President Barack Obama is calling on Congress to extend benefits for the long-term unemployed before they expire at the end of the year.
WASHINGTON - On his second trip to the Middle East as U.S. commander in chief, President Barack Obama this week will confront a political and strategic landscape nearly unrecognizable from the one he encountered on his first trip to the region shortly after assuming office in 2009.
Gone are the authoritarian regimes and leaders in Tunisia, Egypt, Libya and Yemen, and the once seemingly indestructible Assad regime in Syria is tottering on the brink of collapse. Uncertainty abounds in the wake of the revolutions that have convulsed the Arab world for the past two years and shaken many of the strong but imperfect pillars of stability on the planet's most politically volatile patch of land.
And the few constants are hardly cause for cheer: a moribund Israeli-Palestinian peace process that remains mired in mutual distrust and recrimination, an Iran that seemingly inches closer to nuclear weapons capability despite intensified international sanctions, and the ever-growing threat from extremists.
At the same time, Obama's 2012 re-election has changed his political calculus. Having run his last race as a political candidate, he is no longer beholden to the whims of voters. His sights appear set on building a legacy that, at least in the short term, is focused not on foreign policy but on the domestic issues that now drive the agenda in Washington.
Thus, U.S. officials have set expectations low for the trip. No new plan to bring Israel and the Palestinians back to the negotiating table. No big boost in assistance to the struggling Palestinian Authority. No new strategy for dealing with the chaos in Syria. No new outreach to Muslims like the one that was the centerpiece of his June 2009 visit to Cairo.
Instead, they have presented Obama's visit to Israel, the Palestinian Authority and Jordan as a symbolic, hand-holding trip. Obama's goals are to reassure nervous Israelis that the U.S. has their back in the face of any threats, tell the Palestinians that their aspirations for statehood are in America's national security interests and show support for a Jordanian monarchy that is struggling to satisfy its subjects' demands for reform while dealing with the spillover from the civil war in Syria.
It may seem incongruous that an American president feels the need to calm Israeli's fears about Washington's commitment to their security at a time when officials from both countries say U.S. and Israeli interests are more inextricably linked than ever before.
However, one reason for the uneasiness is the strained personal relationship between Obama and Israeli Prime Minister Benjamin Netanyahu. They and their surrogates have sparred, most notably over Jewish settlements in areas claimed by the Palestinians, numerous times, leading many to speak of an open rift. The chill has manifested itself in unprecedented low approval ratings for Obama in Israel. The centerpiece of Obama's trip will be a speech to the Israeli people to pledge friendship and security.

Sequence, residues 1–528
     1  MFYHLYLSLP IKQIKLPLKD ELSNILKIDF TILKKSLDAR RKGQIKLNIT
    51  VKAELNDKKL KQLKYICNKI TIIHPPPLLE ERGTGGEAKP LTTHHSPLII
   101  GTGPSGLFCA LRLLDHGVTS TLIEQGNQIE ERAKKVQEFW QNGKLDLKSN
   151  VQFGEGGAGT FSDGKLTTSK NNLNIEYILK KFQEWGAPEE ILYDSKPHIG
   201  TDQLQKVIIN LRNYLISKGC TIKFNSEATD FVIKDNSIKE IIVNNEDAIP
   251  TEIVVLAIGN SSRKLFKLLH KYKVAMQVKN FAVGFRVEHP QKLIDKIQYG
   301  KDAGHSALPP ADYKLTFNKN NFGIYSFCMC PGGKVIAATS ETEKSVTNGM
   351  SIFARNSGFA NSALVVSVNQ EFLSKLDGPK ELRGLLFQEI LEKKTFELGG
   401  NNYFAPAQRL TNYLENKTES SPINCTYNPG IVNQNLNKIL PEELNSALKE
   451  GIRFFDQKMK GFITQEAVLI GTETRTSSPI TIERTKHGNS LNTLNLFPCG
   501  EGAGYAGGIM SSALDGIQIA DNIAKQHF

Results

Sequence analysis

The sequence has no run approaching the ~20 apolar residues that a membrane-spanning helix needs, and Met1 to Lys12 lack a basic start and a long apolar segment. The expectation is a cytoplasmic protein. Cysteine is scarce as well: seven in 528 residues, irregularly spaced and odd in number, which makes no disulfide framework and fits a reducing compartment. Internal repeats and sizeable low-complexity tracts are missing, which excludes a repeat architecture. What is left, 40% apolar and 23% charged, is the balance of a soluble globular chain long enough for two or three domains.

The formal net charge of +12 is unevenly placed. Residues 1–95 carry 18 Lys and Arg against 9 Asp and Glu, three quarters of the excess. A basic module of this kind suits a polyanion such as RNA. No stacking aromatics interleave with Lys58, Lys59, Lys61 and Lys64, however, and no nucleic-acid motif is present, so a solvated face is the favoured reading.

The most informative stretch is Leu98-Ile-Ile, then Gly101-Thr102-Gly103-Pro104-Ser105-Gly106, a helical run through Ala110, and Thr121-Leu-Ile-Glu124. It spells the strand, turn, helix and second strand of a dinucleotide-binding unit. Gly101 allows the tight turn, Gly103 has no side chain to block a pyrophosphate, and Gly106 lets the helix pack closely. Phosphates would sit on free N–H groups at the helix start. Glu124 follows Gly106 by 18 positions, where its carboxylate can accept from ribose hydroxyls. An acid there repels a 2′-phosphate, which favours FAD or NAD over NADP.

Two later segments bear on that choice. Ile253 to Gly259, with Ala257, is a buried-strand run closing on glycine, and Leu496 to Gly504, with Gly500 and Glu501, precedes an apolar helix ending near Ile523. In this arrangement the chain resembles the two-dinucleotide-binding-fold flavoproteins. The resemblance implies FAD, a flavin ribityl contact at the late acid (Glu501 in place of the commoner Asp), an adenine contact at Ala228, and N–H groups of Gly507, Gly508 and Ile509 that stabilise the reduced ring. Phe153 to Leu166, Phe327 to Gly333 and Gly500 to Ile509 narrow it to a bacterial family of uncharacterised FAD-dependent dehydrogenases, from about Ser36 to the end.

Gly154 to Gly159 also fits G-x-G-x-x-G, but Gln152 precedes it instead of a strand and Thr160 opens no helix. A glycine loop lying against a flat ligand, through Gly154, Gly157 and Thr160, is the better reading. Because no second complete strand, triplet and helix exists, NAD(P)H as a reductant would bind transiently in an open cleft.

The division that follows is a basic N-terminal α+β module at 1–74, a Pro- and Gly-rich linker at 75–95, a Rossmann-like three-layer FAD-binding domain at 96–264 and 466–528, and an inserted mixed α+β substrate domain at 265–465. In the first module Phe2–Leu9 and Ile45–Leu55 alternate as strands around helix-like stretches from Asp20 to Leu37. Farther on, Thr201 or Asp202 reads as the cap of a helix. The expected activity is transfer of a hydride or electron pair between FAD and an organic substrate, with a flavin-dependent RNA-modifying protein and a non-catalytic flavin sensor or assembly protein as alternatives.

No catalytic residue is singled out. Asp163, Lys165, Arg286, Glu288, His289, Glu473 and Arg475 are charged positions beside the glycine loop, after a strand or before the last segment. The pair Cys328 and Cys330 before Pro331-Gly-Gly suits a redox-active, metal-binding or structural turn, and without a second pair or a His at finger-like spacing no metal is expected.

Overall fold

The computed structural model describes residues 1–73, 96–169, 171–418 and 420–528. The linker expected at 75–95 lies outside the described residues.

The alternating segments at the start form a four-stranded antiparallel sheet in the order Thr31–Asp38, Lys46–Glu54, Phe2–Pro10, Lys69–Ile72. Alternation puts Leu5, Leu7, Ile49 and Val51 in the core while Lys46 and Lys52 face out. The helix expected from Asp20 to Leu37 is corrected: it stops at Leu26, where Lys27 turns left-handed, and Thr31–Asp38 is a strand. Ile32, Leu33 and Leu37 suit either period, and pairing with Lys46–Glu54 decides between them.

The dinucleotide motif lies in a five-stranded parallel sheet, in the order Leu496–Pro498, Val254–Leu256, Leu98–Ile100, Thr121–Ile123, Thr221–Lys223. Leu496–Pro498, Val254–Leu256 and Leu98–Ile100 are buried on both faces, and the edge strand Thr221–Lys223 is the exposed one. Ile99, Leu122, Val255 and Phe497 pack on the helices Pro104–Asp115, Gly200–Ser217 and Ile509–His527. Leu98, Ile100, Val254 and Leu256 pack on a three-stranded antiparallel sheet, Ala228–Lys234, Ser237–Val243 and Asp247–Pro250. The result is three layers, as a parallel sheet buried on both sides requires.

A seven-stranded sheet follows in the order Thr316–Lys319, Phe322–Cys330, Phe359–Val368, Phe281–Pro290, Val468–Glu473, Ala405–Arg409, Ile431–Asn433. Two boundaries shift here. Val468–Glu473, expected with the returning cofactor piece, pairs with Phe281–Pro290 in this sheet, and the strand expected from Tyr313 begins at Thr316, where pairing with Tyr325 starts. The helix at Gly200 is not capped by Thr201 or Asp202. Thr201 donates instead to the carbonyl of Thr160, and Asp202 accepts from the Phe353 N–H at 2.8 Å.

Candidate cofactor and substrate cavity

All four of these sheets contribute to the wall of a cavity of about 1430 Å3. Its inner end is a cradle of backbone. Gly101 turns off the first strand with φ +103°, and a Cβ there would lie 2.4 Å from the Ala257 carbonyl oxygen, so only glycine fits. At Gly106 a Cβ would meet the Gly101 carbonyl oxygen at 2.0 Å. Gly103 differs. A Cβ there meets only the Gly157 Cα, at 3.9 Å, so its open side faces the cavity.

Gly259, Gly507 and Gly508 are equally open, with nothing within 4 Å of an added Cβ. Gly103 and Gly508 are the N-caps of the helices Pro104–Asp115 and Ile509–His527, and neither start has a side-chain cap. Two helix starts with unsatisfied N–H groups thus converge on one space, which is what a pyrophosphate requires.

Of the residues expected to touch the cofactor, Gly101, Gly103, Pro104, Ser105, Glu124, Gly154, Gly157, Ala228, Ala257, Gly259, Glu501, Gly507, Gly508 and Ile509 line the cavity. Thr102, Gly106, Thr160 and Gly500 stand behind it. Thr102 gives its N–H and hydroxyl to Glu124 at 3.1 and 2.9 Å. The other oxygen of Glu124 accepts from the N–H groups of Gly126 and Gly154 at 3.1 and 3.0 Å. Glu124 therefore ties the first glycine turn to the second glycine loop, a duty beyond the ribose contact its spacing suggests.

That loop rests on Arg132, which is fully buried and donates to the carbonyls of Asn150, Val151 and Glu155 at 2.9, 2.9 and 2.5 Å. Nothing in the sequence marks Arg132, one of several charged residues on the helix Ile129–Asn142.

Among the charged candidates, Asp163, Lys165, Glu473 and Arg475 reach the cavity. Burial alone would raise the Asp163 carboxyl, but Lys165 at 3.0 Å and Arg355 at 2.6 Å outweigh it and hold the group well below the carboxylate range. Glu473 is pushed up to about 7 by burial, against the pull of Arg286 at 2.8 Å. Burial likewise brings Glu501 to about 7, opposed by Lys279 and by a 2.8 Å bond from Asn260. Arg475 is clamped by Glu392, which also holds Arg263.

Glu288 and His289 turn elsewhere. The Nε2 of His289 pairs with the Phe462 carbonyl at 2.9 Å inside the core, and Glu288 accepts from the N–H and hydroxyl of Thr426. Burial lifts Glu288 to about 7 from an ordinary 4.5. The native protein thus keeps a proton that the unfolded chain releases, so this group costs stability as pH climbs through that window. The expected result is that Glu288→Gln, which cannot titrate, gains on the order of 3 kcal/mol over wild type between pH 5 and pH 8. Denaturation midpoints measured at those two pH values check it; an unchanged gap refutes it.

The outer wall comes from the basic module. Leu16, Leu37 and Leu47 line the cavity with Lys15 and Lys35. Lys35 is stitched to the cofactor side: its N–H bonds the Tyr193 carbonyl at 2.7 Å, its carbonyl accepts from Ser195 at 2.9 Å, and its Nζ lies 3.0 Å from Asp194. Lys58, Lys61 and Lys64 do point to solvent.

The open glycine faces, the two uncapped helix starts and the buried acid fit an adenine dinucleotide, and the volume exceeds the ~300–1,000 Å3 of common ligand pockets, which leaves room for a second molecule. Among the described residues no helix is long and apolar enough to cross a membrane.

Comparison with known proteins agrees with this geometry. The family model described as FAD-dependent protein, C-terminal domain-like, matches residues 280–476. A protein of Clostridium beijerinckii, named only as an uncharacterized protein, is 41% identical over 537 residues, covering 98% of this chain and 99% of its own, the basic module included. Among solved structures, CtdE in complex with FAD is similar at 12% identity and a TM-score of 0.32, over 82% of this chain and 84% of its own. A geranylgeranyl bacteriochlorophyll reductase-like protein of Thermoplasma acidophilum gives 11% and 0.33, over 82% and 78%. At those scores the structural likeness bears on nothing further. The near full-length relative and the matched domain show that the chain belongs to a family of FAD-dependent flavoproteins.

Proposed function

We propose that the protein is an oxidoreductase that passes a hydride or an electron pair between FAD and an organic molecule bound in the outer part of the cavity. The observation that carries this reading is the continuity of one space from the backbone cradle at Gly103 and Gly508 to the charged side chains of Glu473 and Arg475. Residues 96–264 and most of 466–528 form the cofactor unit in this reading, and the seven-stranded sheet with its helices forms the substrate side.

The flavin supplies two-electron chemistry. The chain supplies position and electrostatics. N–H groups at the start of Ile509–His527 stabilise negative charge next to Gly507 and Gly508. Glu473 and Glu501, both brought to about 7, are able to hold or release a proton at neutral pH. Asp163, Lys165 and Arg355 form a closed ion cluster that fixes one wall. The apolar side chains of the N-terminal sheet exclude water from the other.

Much of the symbolism around Obama's speech is aimed at showing his understanding of the Jewish people's millennia-old connection to the land that is now Israel, and his awareness that the modern State of Israel was not created merely as a consequence of the Holocaust. A visit to an Iron Dome battery, part of the missile defense system the U.S. has poured hundreds of millions of dollars into, will underscore Washington's investment in Israel's security.
Obama will be joined by Secretary of State John Kerry. The U.S. Embassy in Jerusalem said Kerry was set to arrive Tuesday, a day before Obama. The embassy gave no details on Kerry's schedule Tuesday, but Israeli officials said no meetings were scheduled. Obama left for Israel Tuesday night.
In both countries, officials hope that an American president on Israeli soil, affirming America's unwavering support for Israel, will quell the concerns from the Israeli perspective. Equally, if not more important, is channeling that message to anti-Israel actors, including Iran, Lebanon's militant Hezbollah, and the Hamas faction of the Palestinians that controls the Gaza Strip.
The goodwill Obama hopes to inspire is expected to be accompanied by gentle encouragement of Israelis and their leaders to be more sensitive the new realities of the region and not take actions that provoke or irritate the very people with whom they desire better ties.
In many ways, Obama faces a similar perception problem among Palestinians who were buoyed by his early support for their longstanding position on settlements, but have been bitterly disappointed by the lack of any progress on achieving statehood.
So, with prospects dim for new Israeli-Palestinian peace talks any time soon, in part because Netanyahu has just formed a new government, Obama will bring a similar message to Palestinian President Mahmoud Abbas. Abbas' administration has infuriated Israel and annoyed the United States by seeking recognition as a state from the United Nations in the absence of
a peace agreement.
Obama is expected to warn anew that such acts only hurt chances for getting back to negotiations, but stress that the United States is firmly committed to a two-state solution to the Israeli-Palestinian conflict and will continue to be an honest broker on the path to get there.
U.S. officials hope Obama's visit to Jordan will boost King Abdullah II's standing both at home among a restive population and in the region where, since the Muslim Brotherhood won elections in Egypt, his nation is the more solid of Israel's two Arab friends.
Associated Press writer Josef Federman in Jerusalem contributed to this report.
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